So I went over to the Ducati dealer yesterday. Besides offering the bike for the test ride, the dealer experience was not great. Didn't know much about the bike (he said that the suspension is not electronically adjustable for the Enduro.....and other gems like that). Thankful for the community here where you learn a couple of things!

    To the test ride.
    Had the sales guy leading the way for a 10-mile ride. So boring.
    But I got to open it up in second and the thing pulls hard! What a motor. Much more violent than the boxer! I wish I could explore it a bit more on the test ride...
    Seating position was surprisingly good. I liked it. Somehow felt I was seating closer to the front wheel compared to the GS.
    The bike is beautiful. Maybe too beautiful to abuse it in the dirt...?
    I really liked the bike guys.

    I was a bit shocked when we talked numbers. He offered 7K for the gs. I was expecting something around 10K at least. Put everything together (bike, crash bars and lights, panniers, termi) and price comes to 25+.
    Unfortunately, not ready to pull the trigger for 20K + trade in at this point.
    Will try to make it to the other dealership next weekend. Maybe they are more serious.

    P.s. Why is the silver/grey +2000 compared to the red?


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  17. Superadv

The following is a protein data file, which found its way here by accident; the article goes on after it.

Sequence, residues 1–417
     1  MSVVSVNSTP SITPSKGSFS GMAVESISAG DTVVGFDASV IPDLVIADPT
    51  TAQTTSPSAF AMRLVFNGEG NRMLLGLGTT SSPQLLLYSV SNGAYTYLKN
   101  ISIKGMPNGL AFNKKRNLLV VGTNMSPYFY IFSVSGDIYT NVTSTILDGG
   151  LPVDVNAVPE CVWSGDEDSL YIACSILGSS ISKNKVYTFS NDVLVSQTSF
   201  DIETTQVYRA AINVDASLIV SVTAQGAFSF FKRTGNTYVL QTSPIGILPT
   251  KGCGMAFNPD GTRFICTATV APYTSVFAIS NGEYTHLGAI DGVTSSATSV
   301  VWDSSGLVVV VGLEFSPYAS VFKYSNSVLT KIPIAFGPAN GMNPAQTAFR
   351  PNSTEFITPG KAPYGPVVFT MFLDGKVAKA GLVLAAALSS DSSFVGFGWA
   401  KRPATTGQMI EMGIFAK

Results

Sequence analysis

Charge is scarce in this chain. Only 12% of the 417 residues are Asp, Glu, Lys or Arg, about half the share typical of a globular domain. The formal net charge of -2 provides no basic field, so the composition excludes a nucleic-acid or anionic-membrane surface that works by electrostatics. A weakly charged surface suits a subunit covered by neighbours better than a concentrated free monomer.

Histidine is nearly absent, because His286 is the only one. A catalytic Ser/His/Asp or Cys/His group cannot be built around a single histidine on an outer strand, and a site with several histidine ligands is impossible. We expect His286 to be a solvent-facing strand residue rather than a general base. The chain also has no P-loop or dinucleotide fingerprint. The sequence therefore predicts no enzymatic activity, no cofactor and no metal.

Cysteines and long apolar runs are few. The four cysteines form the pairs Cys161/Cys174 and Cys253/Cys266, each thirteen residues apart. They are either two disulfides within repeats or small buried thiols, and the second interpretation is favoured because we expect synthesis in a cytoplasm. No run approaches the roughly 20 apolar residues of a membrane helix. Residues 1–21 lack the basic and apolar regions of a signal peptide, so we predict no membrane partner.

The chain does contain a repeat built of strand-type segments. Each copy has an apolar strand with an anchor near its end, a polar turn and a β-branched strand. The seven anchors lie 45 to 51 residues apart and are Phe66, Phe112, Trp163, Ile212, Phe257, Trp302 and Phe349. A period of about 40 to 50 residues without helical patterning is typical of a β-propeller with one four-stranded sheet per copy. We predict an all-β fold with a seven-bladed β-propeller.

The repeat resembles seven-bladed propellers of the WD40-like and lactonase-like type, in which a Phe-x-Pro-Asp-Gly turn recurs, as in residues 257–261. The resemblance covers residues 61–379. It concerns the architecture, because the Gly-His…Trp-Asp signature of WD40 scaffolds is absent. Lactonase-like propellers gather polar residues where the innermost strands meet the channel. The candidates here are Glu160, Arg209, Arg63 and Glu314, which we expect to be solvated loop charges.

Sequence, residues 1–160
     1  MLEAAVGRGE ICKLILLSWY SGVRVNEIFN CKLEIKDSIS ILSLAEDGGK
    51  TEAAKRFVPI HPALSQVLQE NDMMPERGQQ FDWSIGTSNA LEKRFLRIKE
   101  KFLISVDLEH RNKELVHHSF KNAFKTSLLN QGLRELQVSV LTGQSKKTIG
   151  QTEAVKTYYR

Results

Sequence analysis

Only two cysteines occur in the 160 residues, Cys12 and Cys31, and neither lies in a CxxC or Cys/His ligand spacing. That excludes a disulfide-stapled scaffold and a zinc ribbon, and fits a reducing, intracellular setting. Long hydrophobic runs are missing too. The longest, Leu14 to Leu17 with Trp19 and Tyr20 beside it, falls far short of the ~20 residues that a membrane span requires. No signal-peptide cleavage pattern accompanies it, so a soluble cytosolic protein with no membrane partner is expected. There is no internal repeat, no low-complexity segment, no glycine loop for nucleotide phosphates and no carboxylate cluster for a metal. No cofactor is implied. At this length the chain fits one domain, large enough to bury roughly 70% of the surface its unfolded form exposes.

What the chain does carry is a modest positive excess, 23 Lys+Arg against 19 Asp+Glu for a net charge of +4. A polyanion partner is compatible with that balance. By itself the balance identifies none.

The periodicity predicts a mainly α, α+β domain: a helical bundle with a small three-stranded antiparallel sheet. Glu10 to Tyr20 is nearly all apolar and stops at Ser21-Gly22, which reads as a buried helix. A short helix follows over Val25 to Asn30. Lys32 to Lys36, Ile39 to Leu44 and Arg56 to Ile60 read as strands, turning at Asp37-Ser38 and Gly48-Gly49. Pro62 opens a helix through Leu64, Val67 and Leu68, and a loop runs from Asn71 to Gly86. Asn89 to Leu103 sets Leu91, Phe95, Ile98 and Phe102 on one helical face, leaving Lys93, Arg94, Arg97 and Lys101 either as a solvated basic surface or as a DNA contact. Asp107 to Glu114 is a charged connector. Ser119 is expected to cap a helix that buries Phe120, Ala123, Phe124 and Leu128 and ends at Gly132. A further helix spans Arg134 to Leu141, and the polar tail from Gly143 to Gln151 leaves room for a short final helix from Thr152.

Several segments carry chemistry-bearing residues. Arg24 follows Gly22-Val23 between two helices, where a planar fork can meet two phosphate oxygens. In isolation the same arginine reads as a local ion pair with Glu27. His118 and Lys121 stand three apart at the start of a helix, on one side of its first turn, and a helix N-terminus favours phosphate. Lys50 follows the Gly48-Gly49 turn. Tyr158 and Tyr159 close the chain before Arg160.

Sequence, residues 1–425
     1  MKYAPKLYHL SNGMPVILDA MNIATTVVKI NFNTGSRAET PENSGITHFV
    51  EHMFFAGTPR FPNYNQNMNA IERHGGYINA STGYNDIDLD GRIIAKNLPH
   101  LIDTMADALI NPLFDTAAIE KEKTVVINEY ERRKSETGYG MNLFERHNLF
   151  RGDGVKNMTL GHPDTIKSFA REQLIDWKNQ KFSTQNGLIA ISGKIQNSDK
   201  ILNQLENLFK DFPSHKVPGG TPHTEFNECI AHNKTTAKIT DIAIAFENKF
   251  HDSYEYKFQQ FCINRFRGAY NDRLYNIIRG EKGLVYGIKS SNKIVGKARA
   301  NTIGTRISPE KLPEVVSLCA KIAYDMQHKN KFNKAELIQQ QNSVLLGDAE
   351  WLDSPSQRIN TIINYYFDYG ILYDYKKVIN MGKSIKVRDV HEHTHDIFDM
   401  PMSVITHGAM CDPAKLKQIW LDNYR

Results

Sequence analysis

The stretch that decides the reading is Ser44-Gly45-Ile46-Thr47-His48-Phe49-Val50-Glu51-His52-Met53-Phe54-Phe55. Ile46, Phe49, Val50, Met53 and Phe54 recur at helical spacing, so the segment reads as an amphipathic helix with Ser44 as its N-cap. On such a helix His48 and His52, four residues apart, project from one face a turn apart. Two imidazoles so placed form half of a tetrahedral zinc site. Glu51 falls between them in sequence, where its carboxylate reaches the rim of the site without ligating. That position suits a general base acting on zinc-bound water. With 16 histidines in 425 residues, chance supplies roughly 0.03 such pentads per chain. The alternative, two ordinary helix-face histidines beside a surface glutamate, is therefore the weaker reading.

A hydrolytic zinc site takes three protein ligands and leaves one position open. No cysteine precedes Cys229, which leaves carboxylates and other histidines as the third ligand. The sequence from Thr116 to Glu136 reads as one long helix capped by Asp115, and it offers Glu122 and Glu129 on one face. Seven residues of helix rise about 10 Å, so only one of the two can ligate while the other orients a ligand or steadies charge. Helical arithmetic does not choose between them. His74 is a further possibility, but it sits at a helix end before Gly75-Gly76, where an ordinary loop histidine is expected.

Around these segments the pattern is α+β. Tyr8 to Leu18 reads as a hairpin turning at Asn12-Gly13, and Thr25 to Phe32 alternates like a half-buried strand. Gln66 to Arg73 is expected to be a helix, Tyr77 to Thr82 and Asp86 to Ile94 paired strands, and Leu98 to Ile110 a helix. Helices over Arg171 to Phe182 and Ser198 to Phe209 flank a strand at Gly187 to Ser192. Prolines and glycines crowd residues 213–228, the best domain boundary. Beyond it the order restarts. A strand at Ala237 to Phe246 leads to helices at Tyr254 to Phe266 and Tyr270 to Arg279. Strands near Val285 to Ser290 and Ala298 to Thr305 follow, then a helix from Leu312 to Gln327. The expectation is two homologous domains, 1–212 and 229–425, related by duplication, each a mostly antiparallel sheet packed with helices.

Superadv Been here awhile

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    There are a lot of 2016 Enduros going for very cheap prices, around <= $18k, as dealers are trying to move old stock. As far as trade-in at the dealer, forget it if you think youre going to get a good deal. Whatever you are expecting to get from a dealer, knock 20% or more off of it. Youd have much better luck selling it on cycletrader.

    Best of luck with whatever you decide. I know its not an easy decision.
    #17
  18. Florida Lime

    Florida Lime Long timer

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    I think the red is $200 cheaper than the other colors. (I think they must get a discount on the red paint - it's the same way for most of their models. :lol3)

    Was that extra zero a typo, or was the one you saw different in some other way ? :dunno
    #18
  19. nostatic

    nostatic i drank what?!? - Socrates Supporter

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    Per the ducatiusa website, red is indeed $200 less than the other colors.

    One should be able to find very good deals on leftover Enduros, particularly at this time of the year and moving forward. But it is a zero-sum game with trade-in. If you grind them on price for the new bike, they're going to grind you on price for the trade. If you're not hurting too bad for cash, the best way to do it is assume your bike is worth half what you think it is. That way when you go to trade it in, you'll be pleasantly surprised at their offer :D
    #19
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  20. KiwiKurt

    KiwiKurt Amor Patriae

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    If anyone has a loaded mtsE and wants to talk trade for a GSAw let me know. Lol. I love my GSAw quite a bit...its the standard which others measure themselves by for a reason. But i cried when the mtsE was announced 3 weeks after i traded my '14mtsGT for the GSAw......
    #20